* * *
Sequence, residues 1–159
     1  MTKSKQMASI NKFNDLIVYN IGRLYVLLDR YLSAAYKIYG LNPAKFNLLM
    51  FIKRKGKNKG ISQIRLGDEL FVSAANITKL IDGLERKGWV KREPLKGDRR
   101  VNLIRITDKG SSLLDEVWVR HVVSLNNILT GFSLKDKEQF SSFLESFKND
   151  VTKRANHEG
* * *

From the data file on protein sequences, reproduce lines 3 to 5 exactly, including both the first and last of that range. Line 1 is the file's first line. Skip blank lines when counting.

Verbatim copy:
    51  FIKRKGKNKG ISQIRLGDEL FVSAANITKL IDGLERKGWV KREPLKGDRR
   101  VNLIRITDKG SSLLDEVWVR HVVSLNNILT GFSLKDKEQF SSFLESFKND
   151  VTKRANHEG